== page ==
26. 26.
    Botma A, Nagengast FM, Braem MGM, Hendriks JCM, Kleibeuker JH, Vasen HFA, et al. Body mass index increases risk of colorectal adenomas in men with Lynch syndrome: the GEOLynch cohort study. J Clin Oncol. 2010;28(28):4346–53. Scholar
  27. 27.
    Watson P, Ashwathnarayan R, Lynch HT, Roy HK. Tobacco use and increased colorectal cancer risk in patients with hereditary nonpolyposis colorectal cancer (Lynch syndrome). Arch Intern Med. 2004;164(22):2429–31. Scholar
  28. 28.
    Pande M, Lynch PM, Hopper JL, Jenkins MA, Gallinger S, Haile RW, et al. Smoking and colorectal cancer in Lynch syndrome: results from the Colon Cancer Family Registry and the University of Texas M.D. Anderson Cancer Center. Clin Cancer Res. 2010;16(4):1331–9. Scholar
  29. 29.
    Chau R, Dashti SG, Ait Ouakrim D, Buchanan DD, Clendenning M, Rosty C, et al. Multivitamin, calcium and folic acid supplements and the risk of colorectal cancer in Lynch syndrome. Int J Epidemiol. 2016;45(3):940–53. Scholar
  30. 30.
    Dashti SG, Buchanan DD, Jayasekara H, Ait Ouakrim D, Clendenning M, Rosty C, et al. Alcohol consumption and the risk of colorectal cancer for mismatch repair gene mutation carriers. Cancer Epidemiol Biomark Prev. 2017;26(3):366–75. Scholar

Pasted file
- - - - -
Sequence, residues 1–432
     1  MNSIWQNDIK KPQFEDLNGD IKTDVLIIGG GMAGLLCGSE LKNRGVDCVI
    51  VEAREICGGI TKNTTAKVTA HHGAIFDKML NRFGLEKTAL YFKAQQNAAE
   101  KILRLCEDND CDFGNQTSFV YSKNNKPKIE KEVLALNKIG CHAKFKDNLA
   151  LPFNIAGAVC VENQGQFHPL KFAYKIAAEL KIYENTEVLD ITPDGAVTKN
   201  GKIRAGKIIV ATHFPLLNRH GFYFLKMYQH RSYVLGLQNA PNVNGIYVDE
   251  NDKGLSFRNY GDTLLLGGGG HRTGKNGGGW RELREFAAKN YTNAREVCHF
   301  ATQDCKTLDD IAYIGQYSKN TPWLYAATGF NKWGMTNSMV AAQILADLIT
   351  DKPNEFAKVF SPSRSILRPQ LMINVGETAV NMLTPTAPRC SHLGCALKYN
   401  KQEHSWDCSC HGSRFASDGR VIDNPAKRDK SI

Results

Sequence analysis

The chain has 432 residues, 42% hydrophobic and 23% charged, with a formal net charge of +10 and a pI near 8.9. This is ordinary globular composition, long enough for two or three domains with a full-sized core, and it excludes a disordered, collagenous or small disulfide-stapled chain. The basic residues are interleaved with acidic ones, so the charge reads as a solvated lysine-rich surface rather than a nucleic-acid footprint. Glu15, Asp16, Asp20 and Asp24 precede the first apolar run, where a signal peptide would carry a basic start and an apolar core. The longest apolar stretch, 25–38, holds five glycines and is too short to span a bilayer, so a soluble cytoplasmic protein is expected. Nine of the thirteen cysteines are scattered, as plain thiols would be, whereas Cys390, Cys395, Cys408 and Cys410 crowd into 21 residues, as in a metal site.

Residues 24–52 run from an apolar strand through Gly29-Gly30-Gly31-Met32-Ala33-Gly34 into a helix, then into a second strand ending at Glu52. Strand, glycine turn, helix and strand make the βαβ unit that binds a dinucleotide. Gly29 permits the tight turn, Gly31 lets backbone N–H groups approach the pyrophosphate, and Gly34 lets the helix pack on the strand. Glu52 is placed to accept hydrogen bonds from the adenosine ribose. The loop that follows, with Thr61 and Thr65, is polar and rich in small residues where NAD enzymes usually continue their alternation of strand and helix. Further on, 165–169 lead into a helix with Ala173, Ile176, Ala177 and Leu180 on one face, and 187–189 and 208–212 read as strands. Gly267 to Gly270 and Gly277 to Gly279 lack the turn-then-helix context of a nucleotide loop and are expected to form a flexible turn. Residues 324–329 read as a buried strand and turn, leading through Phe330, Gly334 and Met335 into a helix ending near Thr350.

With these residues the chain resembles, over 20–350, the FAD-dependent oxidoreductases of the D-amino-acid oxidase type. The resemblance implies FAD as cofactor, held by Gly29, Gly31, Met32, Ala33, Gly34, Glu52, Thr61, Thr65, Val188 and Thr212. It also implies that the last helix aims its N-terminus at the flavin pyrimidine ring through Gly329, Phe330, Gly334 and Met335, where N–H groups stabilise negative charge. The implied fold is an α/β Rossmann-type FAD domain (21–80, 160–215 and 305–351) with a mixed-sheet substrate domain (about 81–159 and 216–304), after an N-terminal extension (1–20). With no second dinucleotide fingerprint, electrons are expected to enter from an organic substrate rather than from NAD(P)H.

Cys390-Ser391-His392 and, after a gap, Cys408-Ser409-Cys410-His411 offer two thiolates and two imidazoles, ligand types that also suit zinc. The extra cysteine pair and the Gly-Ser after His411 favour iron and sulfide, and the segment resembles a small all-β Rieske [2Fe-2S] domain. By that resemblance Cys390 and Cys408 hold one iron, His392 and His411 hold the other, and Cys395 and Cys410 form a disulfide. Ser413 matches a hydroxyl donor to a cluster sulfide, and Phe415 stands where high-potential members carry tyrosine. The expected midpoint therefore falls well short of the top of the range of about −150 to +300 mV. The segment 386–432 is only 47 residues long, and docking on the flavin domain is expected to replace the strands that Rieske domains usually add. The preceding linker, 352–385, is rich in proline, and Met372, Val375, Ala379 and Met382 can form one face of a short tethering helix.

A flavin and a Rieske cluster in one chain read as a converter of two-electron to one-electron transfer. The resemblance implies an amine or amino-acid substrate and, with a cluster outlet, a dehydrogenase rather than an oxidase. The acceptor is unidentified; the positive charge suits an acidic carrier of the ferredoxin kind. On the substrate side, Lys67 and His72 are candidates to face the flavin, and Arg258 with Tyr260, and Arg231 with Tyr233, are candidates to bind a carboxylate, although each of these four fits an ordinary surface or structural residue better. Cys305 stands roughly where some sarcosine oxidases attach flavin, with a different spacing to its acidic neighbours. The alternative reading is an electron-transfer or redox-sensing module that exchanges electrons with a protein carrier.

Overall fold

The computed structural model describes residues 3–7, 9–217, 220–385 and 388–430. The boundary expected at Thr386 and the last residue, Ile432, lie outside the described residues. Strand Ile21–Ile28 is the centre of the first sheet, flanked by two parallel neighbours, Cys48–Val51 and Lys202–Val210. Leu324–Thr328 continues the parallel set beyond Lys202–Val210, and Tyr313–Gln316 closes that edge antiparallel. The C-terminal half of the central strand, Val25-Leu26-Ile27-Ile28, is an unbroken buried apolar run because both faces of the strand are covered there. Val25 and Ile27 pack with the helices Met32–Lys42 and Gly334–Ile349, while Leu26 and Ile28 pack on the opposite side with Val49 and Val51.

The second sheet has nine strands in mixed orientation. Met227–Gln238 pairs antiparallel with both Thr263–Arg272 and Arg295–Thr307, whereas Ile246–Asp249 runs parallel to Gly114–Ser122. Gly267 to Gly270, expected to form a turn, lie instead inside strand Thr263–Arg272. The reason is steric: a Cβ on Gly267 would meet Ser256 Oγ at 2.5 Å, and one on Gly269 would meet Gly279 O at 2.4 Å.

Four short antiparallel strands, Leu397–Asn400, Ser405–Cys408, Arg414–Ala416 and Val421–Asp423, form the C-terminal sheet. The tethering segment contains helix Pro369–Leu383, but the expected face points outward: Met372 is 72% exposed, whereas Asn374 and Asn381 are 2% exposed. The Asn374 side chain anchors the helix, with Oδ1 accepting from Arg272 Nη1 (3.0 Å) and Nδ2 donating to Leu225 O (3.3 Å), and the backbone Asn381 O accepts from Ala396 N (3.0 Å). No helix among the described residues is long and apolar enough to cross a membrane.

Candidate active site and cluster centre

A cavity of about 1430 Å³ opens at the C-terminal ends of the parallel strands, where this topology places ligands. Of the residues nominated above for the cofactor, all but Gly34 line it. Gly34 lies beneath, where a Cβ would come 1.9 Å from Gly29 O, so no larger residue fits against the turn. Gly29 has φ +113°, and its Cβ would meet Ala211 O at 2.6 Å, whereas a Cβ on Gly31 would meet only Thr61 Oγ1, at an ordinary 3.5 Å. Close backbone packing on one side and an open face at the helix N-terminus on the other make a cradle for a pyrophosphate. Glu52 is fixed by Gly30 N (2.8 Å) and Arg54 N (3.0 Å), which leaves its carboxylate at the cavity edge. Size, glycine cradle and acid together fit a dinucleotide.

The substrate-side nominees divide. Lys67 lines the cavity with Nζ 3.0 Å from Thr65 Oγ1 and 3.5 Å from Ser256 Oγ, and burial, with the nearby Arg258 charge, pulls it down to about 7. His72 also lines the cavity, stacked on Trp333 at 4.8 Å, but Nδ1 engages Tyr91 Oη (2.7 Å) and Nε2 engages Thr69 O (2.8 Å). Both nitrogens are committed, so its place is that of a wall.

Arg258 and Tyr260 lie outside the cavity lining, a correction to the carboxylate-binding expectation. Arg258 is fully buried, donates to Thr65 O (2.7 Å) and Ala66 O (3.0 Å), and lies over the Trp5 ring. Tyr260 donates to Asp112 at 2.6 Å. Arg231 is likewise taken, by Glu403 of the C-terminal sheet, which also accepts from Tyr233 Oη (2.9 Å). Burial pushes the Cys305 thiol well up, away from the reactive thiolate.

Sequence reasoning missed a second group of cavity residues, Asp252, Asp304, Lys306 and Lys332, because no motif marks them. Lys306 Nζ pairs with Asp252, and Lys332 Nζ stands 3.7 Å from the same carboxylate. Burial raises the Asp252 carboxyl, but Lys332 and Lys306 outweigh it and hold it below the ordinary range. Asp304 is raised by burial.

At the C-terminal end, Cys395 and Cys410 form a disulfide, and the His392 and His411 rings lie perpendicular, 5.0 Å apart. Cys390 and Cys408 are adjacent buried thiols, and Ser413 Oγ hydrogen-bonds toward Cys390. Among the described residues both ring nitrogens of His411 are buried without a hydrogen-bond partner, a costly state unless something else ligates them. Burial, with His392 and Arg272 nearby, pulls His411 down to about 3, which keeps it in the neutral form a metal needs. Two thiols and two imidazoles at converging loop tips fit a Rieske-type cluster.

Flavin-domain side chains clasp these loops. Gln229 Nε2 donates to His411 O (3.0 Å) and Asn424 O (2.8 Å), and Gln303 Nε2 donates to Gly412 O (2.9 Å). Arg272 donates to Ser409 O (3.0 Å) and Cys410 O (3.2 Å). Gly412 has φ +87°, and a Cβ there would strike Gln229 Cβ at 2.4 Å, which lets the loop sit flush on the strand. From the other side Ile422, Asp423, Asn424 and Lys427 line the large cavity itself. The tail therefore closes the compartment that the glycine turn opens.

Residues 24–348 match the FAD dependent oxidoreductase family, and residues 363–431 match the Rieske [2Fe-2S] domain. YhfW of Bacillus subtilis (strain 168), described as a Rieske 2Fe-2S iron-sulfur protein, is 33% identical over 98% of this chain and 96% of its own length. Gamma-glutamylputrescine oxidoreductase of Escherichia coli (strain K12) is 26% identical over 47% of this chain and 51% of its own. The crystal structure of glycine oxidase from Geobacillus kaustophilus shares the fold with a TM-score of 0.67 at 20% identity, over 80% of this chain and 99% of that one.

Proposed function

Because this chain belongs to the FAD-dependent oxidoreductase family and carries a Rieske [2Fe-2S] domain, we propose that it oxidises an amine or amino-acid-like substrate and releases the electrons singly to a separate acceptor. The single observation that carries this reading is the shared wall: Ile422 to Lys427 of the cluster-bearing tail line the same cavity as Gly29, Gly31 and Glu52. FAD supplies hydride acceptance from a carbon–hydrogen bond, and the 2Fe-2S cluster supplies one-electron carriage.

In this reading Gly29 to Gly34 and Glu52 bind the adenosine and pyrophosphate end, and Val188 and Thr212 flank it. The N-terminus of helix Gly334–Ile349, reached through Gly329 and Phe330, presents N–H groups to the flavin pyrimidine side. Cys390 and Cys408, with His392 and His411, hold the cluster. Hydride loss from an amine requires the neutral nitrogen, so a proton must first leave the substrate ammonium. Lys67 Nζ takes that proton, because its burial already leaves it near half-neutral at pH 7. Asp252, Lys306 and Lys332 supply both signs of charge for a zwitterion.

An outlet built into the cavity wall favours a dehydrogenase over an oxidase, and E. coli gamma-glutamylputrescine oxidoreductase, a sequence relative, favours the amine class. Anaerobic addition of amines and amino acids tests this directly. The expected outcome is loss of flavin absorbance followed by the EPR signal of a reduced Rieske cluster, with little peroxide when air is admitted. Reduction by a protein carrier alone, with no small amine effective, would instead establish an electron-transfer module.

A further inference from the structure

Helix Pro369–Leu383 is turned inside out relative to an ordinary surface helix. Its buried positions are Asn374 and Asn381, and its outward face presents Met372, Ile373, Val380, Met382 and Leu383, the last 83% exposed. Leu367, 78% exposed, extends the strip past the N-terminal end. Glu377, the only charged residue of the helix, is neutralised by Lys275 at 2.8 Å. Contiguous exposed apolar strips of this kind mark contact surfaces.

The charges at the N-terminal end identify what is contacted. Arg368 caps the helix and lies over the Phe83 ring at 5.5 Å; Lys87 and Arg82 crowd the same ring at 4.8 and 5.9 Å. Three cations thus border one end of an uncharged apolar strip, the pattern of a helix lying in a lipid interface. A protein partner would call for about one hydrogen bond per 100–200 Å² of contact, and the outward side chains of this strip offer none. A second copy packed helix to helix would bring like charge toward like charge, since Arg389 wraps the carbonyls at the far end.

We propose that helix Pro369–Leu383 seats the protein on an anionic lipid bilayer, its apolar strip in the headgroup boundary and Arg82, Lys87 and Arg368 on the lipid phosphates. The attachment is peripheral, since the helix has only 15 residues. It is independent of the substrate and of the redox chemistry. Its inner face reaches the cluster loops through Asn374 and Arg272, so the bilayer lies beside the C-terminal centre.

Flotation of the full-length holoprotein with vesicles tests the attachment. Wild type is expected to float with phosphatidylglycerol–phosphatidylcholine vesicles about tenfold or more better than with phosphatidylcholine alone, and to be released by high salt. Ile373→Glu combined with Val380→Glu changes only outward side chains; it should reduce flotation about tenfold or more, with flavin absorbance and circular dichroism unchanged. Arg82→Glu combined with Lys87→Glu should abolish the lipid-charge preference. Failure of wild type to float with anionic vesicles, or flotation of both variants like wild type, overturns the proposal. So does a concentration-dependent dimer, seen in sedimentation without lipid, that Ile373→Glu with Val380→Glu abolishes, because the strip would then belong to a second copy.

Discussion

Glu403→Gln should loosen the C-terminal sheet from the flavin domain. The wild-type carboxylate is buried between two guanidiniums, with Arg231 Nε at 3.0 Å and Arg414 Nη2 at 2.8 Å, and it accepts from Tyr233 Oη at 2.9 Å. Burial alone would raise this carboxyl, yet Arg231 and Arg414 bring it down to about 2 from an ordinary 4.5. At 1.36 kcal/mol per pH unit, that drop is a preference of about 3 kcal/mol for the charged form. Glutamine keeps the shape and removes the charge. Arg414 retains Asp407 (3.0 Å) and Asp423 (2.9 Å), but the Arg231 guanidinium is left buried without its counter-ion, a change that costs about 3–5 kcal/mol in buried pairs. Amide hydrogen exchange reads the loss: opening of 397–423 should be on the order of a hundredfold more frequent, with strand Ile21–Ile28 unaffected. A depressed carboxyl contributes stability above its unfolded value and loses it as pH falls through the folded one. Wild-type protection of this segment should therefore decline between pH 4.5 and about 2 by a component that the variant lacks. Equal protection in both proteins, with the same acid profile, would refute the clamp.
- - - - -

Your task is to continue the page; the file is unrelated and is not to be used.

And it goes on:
31. 31.
    Ferlitsch M, Reinhart K, Pramhas S, Wiener C, Gal O, Bannert C, et al. Sex-specific prevalence of adenomas, advanced adenomas, and colorectal cancer in individuals undergoing screening colonoscopy. JAMA. 2011;306(12):1352–8. Scholar
  32. 32.
    Bauer CM, Ray AM, Halstead-Nussloch BA, Dekker RG, Raymond VM, Gruber SB, et al. Hereditary prostate cancer as a feature of Lynch syndrome. Fam Cancer. 2011;10(1):37–42. Scholar
  33. 33.
    Grindedal EM, Moller P, Eeles R, Stormorken AT, Bowitz-Lothe IM, Landro SM, et al. Germ-line mutations in mismatch repair genes associated with prostate cancer. Cancer Epidemiol Biomark Prev. 2009;18(9):2460–7. Scholar
  34. 34.
    Barrow PJ, Ingham S, O'Hara C, Green K, McIntyre I, Lalloo F, et al. The spectrum of urological malignancy in Lynch syndrome. Fam Cancer. 2013;12(1):57–63. Scholar
  35. 35.
    Ryan S, Jenkins MA, Win AK. Risk of prostate cancer in Lynch syndrome: a systematic review and meta-analysis. Cancer Epidemiol Biomark Prev. 2014;23(3):437–49. Scholar
  36. 36.
    Win AK, Lindor NM, Jenkins MA. Risk of breast cancer in Lynch syndrome: a systematic review. Breast Cancer Res. 2013;15(2):R27. Scholar
  37. 37.